“Our vision is to distil on our island home but we will only ever release a product made entirely on the island when we can guarantee that the quality we are achieving today is met in future.”
The Botanist, the first gin from Islay, takes a similar approach – buying in neutral grain spirit but using 22 island botanicals (alongside nine more classical ones) to get across a sense of provenance.
The brand is owned by Rémy Cointreau, so, perhaps alongside Caorunn, has fast become one of the most famous Scottish gins, despite their size.
The local botanicals angle, though, is not for everyone: “I tried using Scottish botanicals such as thistles, heather and gorse, but I found these gins were too floral and heavy,” says Daffy’s distiller Chris Molyneaux. “So I went back to the drawing board.” Molyneaux ended up creating a London Dry, based on a spirit bought from Normandy, France, flavoured with botanicals from around the world. So what’s his USP? “I created a ‘pre-ageing’ distillation process. We pay a lot of attention to base spirit and storage of botanicals – we store for five years – and distil at a low steam pressure for more than 12 hours in an old Scottish whisky still.”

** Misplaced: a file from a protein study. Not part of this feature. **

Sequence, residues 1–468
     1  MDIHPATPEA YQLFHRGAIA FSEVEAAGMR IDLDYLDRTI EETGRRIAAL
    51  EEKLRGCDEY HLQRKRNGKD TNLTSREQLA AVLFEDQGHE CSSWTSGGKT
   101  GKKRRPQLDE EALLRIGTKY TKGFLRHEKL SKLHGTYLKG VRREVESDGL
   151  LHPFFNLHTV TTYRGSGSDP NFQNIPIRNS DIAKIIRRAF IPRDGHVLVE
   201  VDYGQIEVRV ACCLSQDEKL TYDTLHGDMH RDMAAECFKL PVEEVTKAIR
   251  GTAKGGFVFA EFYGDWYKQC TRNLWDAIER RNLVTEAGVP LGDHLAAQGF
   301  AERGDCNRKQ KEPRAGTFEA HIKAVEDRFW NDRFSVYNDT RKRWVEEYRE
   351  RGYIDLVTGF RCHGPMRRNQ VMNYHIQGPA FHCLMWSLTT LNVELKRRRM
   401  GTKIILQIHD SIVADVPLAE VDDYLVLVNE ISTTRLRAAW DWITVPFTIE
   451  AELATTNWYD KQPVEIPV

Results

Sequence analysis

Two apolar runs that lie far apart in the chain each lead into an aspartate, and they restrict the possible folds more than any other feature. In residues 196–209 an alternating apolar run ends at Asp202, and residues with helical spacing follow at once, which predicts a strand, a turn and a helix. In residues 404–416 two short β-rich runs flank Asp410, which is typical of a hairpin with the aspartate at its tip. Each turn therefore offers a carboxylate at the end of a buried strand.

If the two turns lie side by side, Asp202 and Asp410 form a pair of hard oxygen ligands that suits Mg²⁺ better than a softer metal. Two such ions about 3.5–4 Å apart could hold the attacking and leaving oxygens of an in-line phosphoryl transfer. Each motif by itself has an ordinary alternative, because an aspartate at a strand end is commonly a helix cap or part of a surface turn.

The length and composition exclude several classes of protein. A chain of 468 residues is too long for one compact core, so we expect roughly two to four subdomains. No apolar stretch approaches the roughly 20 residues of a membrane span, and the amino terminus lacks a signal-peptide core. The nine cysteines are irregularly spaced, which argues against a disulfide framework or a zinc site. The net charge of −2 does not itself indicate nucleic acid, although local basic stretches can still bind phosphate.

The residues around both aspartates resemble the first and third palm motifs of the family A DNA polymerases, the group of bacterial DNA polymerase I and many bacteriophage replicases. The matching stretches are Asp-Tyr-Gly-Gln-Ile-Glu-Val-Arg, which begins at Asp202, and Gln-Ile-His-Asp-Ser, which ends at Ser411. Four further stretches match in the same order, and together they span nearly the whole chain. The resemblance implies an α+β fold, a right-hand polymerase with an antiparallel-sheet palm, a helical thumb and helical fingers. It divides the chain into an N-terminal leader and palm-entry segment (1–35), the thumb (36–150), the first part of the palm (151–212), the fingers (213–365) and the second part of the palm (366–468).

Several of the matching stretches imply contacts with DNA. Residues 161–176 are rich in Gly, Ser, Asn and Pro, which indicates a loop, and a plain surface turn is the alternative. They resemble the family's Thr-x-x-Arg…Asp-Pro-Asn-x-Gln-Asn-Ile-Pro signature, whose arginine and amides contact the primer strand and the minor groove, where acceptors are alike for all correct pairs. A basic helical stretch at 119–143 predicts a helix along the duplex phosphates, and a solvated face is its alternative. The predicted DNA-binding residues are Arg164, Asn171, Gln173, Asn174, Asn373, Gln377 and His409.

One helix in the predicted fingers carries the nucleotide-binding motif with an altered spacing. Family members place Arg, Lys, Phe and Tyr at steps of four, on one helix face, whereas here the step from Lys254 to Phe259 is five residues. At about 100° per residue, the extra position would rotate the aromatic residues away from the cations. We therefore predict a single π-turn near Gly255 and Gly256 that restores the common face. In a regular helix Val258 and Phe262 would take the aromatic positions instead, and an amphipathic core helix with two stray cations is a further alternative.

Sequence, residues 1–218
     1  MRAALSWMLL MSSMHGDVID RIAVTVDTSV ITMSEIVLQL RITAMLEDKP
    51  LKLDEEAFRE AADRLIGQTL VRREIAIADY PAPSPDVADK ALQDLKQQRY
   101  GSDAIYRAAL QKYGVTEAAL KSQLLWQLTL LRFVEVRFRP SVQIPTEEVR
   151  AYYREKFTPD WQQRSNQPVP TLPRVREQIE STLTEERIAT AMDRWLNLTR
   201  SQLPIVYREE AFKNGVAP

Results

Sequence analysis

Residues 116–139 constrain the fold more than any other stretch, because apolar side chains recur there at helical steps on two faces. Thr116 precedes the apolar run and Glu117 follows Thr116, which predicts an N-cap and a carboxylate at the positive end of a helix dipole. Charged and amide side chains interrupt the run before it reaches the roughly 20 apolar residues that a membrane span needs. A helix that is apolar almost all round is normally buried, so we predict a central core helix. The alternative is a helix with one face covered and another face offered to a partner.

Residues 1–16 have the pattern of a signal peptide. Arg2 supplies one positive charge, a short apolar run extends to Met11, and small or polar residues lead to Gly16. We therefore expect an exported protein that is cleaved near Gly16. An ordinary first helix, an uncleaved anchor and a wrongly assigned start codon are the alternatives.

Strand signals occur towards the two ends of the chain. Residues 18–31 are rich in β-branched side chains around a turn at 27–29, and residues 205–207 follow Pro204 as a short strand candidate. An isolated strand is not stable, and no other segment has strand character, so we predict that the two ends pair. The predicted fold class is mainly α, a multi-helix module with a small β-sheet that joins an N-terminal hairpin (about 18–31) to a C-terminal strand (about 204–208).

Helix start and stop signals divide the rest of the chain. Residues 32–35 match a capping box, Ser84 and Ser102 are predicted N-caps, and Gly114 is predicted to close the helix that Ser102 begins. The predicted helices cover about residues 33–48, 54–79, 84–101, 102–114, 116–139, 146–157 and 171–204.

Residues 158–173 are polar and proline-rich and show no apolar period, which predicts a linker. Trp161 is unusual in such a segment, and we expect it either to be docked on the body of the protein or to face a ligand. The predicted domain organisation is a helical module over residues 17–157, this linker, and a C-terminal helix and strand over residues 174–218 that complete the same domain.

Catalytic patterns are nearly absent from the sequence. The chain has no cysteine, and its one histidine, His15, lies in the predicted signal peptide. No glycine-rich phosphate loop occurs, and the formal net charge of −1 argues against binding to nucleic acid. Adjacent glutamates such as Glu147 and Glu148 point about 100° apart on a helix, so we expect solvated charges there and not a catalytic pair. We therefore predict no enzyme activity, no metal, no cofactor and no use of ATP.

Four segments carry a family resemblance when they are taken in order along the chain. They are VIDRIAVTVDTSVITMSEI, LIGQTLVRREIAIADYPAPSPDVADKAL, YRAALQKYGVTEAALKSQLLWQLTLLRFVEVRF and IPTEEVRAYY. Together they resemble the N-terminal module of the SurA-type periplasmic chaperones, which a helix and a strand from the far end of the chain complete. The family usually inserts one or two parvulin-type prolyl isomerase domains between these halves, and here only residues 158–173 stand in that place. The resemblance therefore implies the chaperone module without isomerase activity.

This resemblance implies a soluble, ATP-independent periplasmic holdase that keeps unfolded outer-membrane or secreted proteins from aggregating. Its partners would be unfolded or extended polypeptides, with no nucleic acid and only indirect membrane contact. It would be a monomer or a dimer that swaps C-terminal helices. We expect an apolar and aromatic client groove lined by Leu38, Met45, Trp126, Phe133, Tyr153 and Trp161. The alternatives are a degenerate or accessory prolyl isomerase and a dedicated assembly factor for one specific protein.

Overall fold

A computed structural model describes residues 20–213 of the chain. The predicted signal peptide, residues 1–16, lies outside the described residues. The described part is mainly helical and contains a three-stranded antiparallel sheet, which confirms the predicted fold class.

Over at Pickering’s, authenticity and provenance come from its distillery and recipe. “Summerhall Distillery is the first exclusive gin distillery to be established in Edinburgh for more than 150 years,” says Leah Shaw Hawkins, Pickering’s brand manager. The recipe is an “original Bombay recipe, handwritten on a fragment of paper from 1947”. Hawkins says: “Kept as a family secret for more than 66 years, it only resurfaced in 2013 when we began distilling at Summerhall.”
For Derek Mair at Firkin Gin it is not the distillation or even the rectification that excites – it’s the blending and ageing. “We get a distiller to supply us the components in liquid form then we blend it and disgorge into casks. We have whisky casks – ex-Glen Garioch, Laphroaig, a Glenmorangie port cask. Moving forward we have gin resting in octaves of PX and oloroso. Our gin is a crossover spirit – a ginsky.”
There are many approaches in this burgeoning category. But does it need more regulation? Perhaps, and the Scottish Craft Distilling Association is attempting to achieve that. To receive accreditation its 17 members have had to prove their “products have been craft distilled in Scotland”, use “quality raw materials and processes” and have “product traceability”.
Many Scottish gins don’t fit this definition and, for now, consumers probably won’t mind. With or without ‘Scottish craft’ accreditation, Scottish gin will likely prosper. That’s because when it comes to spirits, Scotland has pedigree. By association with scotch, Scottish gin is just an easy sell. “Scotland is synonymous with quality premium spirits and this forms a key part of our message to consumers,” says Arbikie’s Hunter.
Whether there is a tradition of Scottish gin or not, Scotland will play a large part in the category’s future.